Modest growth in construction sector

Windhoek’s construction sector experienced modest growth in the first quarter of 2024, with plan approvals dominant in Khomasdal, Klein Windhoek and Katutura.

According to an analysis of building plans for May 2024 by Simonis Storm Securities, growth of 3,5% year-on-year (y/y) follows three consecutive quarters of decline and is significantly lower than the 26,8% y/y increase recorded in the first quarter of 2023.

Building plan approvals in Windhoek during May 2024 rose by 7,6% month-on-month and 13,1% y/y compared to May 2023.

According to the researchers, a total of 199 plans were approved, with a collective value of N$164,5 million. Out of the 199 approved plans, 147 were for additions to existing structures, 35 for new houses, 10 for walls, six for commercial uses and one for a pool.

In the same month, the number of completed buildings, excluding government projects, rose to 190. This is a significant increase from the 37 completed in May 2023. This rise is largely attributed to follow-up inspections by the City of Windhoek to assess the completion progress of properties.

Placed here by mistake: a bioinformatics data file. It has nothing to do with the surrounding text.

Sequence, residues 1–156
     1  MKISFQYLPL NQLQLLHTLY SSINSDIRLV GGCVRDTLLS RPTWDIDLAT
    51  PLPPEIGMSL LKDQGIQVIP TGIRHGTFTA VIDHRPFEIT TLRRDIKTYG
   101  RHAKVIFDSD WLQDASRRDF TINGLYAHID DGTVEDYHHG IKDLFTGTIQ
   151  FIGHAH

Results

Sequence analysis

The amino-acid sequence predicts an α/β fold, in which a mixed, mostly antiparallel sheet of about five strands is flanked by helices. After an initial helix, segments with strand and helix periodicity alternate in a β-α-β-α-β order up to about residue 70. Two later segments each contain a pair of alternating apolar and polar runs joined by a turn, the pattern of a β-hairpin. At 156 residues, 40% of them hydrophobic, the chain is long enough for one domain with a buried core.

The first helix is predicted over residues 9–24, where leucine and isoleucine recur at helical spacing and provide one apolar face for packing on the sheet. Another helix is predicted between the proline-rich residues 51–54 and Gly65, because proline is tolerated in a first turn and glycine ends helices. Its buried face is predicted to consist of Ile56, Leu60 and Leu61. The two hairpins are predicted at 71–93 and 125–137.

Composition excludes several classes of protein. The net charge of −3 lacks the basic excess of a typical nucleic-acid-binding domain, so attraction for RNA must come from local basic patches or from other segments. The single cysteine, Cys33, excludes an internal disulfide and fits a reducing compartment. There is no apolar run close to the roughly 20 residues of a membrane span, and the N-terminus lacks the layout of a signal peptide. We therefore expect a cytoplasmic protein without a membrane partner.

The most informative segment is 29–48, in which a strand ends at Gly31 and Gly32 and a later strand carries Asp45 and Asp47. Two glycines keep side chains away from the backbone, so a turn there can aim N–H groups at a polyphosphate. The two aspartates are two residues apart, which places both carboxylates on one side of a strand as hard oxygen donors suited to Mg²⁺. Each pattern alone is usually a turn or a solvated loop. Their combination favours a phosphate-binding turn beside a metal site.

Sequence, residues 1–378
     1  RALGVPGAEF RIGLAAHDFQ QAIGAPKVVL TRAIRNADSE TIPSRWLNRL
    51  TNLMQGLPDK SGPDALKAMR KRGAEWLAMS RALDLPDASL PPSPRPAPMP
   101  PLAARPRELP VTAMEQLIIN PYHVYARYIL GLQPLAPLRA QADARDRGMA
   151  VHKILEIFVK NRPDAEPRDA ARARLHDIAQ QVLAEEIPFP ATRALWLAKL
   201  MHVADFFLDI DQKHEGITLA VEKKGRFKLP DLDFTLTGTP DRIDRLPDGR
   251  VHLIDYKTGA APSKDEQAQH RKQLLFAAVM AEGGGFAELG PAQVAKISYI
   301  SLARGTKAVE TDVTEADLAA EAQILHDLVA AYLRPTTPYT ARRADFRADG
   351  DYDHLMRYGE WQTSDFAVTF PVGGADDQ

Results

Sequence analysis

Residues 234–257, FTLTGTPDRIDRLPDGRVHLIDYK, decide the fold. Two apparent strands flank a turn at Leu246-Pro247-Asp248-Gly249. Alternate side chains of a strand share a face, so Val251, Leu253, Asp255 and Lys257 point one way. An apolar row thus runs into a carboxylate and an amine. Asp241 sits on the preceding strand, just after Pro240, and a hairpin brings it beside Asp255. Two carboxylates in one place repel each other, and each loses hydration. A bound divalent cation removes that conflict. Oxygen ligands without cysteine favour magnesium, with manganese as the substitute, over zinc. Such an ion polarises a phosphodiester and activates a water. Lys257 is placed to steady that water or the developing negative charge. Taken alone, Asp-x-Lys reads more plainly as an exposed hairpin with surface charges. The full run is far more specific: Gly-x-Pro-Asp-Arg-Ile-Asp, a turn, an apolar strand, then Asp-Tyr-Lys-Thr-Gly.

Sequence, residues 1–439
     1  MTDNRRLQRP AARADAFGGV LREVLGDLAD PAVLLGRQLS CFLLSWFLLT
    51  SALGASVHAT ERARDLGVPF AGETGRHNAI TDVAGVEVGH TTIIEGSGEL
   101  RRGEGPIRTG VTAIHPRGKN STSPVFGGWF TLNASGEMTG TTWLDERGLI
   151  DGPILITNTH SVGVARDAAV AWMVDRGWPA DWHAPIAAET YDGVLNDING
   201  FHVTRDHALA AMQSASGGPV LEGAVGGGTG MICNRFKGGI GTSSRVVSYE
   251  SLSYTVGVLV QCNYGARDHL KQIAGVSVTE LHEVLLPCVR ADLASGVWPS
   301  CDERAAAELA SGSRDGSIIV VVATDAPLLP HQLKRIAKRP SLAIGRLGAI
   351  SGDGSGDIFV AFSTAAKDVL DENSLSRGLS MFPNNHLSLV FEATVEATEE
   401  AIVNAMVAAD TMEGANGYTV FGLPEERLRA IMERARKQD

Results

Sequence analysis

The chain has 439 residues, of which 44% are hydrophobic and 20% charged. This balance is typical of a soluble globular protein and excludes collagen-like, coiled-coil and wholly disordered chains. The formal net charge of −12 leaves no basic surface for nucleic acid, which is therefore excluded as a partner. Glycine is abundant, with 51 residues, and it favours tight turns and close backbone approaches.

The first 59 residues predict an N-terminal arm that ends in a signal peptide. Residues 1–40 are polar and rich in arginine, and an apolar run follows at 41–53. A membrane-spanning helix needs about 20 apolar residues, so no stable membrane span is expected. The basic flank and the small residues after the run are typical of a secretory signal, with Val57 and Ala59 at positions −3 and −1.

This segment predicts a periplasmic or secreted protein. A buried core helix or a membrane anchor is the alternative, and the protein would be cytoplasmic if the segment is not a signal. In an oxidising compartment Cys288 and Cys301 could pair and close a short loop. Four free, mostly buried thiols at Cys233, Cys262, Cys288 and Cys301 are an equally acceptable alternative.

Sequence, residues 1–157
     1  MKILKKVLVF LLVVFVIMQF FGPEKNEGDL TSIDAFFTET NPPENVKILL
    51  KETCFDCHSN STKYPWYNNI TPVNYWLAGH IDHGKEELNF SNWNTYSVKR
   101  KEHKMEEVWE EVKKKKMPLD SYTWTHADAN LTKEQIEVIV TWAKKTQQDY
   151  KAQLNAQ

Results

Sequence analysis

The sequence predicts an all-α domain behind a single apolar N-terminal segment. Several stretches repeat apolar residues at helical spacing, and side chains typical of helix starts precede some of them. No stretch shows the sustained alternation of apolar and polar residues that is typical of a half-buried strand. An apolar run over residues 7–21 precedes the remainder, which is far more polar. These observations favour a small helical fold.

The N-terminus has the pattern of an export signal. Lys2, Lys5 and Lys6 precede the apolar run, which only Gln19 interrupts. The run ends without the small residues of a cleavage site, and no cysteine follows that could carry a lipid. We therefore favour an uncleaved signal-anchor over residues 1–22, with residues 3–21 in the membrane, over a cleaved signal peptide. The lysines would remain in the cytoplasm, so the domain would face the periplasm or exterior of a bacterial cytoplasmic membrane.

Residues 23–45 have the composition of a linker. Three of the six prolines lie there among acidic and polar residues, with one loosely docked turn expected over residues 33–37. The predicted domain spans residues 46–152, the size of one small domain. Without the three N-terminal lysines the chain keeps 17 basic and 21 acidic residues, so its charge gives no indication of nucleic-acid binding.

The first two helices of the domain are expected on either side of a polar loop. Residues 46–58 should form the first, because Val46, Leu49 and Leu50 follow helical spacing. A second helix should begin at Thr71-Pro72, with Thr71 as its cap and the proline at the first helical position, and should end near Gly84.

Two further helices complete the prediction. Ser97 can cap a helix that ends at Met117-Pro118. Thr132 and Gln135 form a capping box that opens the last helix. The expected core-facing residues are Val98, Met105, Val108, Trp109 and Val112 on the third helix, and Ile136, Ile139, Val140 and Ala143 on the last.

At Swakopmund, 75 building plans valued at N$67,2 million were approved, with 40 plans valued at N$31,3 million completed and 66 building projects valued at N$46,6 million submitted during the period under review.

According to the researchers, of the 75 approved plans, 72 were for new residential buildings, two for new industrial buildings and one for a new institutional building.

“The majority of completed projects included new residential buildings and additions, followed by new flats,” noted Simonis.

Additionally, in May 2024 the Swakopmund municipality raised N$834 142,80 in application fees, N$27 776.50 in compliance fees and N$426 893.67 in building fines.

At Lüderitz, land applications from developers show various trends between 2020 to May 2024 – fluctuating over the years, with a significant increase from 38 in 2021 to 74 in 2023, followed by a decline to 30 in the first five months of 2024.

Similarly, applications for housing purposes have generally risen, starting at 50 in 2020 and peaking at 123 in 2023. However, there was a sharp decline to 16 applications in early 2024. This lower number of applications may indicate a slowdown or simply reflect the shorter reporting period.

According to Simonis, the real value of government expenditure on construction declined by 31,5% y/y in the first quarter of 2024, in stark contrast to the 15,9% y/y growth recorded in the same period in 2023.

“The sluggish growth in the construction sector was largely due to reduced government spending, with a significant contraction observed in transport infrastructure projects,” noted the analysts.
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